Early January saw the Australian bush lit red, and not in celebration of the new decade. Wildfires raged through New South Wales and Victoria causing widespread devastation across an area of more than 11 million hectares (the size of more than half of England). This was a result of the climate crisis increasing the likelihood of extreme drought and soaring temperatures, causing both states to declare a state of emergency by 3 January. Wildfires are a necessary natural event for many parts of the world but in recent years, these are increasing in extremity, covering wider areas, and becoming more aggressive and prolonged.
It is hard to believe that in this day and age, the people of Beirut had been living alongside a lethal ticking time bomb, capable of killing 204 people and flattening the port within seconds as it did on 4 August. The explosion was caused by a fire triggering the explosion of 2,750 tonnes of ammonium nitrate stored unsafely in the port. An act of carelessness which resulted in disaster and rocked the city, changing some people’s lives forever.
Love prevails in Costa Rica
26 May was a momentous moment in the fight for equality as Costa Rica became the first country in Central America to legalize same sex marriage. After the court ruled that a ban on same sex marriage was unconstitutional in August 2018, the law was finally changed, and from midnight the first happy couples were able to tie the knot.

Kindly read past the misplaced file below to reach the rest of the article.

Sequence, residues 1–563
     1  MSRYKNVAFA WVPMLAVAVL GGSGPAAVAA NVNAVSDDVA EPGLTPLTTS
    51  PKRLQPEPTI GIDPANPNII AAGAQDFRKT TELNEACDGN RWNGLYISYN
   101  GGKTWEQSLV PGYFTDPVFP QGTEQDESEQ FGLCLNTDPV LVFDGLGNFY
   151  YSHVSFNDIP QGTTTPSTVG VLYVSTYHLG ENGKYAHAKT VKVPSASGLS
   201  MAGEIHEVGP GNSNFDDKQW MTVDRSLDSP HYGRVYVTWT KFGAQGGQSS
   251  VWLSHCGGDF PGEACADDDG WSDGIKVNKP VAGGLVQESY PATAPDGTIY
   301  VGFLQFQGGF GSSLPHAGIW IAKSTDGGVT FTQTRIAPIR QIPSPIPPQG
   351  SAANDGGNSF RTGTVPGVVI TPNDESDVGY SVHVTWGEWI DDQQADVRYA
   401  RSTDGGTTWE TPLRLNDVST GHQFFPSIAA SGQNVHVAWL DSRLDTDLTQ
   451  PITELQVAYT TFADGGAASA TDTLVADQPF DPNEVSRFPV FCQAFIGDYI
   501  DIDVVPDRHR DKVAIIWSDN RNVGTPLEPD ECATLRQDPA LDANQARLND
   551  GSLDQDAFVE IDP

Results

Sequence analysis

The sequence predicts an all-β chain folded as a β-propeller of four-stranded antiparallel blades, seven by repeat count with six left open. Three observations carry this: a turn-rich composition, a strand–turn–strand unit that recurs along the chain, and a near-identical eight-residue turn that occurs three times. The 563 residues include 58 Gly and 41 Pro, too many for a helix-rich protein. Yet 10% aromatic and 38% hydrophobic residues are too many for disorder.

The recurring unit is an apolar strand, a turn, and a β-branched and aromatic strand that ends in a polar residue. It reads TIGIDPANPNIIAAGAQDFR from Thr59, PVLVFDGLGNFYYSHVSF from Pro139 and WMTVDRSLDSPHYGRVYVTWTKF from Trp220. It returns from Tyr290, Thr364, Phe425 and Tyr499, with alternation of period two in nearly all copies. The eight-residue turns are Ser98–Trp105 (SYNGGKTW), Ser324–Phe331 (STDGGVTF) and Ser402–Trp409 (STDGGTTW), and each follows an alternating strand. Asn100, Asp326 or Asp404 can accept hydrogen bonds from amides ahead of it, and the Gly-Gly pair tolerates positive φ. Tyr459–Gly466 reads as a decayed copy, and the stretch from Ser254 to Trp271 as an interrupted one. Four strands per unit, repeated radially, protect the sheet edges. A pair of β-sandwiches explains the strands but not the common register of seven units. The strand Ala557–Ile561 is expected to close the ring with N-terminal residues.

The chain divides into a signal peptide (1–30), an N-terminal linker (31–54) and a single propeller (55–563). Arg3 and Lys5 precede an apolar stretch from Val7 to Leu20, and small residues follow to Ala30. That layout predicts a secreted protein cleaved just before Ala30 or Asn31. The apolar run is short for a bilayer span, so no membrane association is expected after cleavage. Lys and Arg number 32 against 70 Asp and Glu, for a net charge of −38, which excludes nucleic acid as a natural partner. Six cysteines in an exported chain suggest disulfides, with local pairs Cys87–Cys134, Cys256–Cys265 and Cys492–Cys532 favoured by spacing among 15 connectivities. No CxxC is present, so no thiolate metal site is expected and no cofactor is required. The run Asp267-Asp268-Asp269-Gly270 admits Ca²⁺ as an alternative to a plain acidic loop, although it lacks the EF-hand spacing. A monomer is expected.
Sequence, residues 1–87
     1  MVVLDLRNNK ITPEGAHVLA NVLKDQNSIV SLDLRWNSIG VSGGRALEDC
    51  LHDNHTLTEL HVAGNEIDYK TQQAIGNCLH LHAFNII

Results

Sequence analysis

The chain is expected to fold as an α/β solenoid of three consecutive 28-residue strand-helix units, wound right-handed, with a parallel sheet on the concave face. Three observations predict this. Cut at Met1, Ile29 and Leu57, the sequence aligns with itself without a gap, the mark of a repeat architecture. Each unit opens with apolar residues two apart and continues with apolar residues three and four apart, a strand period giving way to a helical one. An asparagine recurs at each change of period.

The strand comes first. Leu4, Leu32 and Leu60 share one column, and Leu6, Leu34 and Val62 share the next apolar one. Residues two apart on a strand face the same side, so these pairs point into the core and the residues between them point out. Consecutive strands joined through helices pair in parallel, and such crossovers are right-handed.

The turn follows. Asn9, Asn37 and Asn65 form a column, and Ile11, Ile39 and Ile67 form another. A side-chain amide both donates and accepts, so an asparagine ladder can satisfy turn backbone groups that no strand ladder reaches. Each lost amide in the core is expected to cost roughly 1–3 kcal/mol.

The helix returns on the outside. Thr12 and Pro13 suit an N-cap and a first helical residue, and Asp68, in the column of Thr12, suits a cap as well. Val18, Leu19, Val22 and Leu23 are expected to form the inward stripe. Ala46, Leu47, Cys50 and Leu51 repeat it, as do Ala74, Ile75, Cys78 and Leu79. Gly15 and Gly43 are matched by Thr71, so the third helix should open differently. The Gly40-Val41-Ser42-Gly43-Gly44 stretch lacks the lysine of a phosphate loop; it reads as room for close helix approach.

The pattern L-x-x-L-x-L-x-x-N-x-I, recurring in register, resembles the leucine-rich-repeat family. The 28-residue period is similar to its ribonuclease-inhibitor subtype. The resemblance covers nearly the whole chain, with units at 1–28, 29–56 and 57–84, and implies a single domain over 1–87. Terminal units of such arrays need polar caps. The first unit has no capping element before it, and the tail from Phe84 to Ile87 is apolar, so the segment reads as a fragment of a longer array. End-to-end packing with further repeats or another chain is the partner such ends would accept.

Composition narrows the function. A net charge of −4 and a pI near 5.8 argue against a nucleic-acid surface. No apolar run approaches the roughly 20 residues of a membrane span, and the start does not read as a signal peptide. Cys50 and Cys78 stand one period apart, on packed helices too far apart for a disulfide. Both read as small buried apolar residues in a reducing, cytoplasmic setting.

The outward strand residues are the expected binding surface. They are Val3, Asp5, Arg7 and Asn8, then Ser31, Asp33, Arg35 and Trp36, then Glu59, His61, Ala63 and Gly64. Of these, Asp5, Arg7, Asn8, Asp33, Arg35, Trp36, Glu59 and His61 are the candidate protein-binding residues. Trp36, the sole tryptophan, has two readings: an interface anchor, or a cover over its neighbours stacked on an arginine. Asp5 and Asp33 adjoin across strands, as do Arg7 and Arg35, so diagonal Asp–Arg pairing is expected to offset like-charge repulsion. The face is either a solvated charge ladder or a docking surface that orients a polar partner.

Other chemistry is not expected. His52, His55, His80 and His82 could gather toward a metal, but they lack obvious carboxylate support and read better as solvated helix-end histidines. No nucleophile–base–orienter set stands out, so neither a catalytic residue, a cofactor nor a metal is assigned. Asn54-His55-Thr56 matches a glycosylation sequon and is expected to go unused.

Harvey Weinstein is convicted
Widely known as the (former) ‘Hollywood mogul’, Weinstein is yet another powerful man who exploited his position and abused the women within his grasp. He was charged with five counts of sexual assault in March and sentenced to 23 years in prison. A further six charges have since surfaced, some committed over a decade ago. Needless to say, his position upon the Hollywood podium has disintegrated as he was sacked by the board of his own company and stripped of his honorary CBE. The strength needed for these women to speak up after so many years is extraordinary, and perhaps they can feel that justice has finally been served.
Tackling the Climate Crisis
As part of a ten-point plan to tackle the climate crisis in the UK, on 18 November Boris Johnson announced a ban on the sale of new petrol and diesel cars from 2030. This will create a major advancement in the effort to shift from oil run to carbon neutral vehicles, retaining some of the dwindling carbon budget. Through the irresponsible procrastination of global governments, this silent killer is beginning to make itself known. From the intense 38° British summers to lethal wildfires destroying parts of Australia, Brazil and America like never before, this invisible disaster is simultaneously no one and everyone’s fault.
Harry and Meghan split from Royal Family
The Duke and Duchess of Sussex officially stepped down as senior royals on the 31st of March, and is it any wonder? Meghan in particular has been scrutinised by the press since the start of her relationship with Harry, and perhaps decided that she wanted to protect her young son from this toxic limelight. The couple are working to become financially independent, splitting their time between Canada and the UK in continued support of Her Majesty the Queen. However, they did fail to consult anyone at the palace before their announcement, which reportedly neither the Queen nor Prince William were particularly pleased about.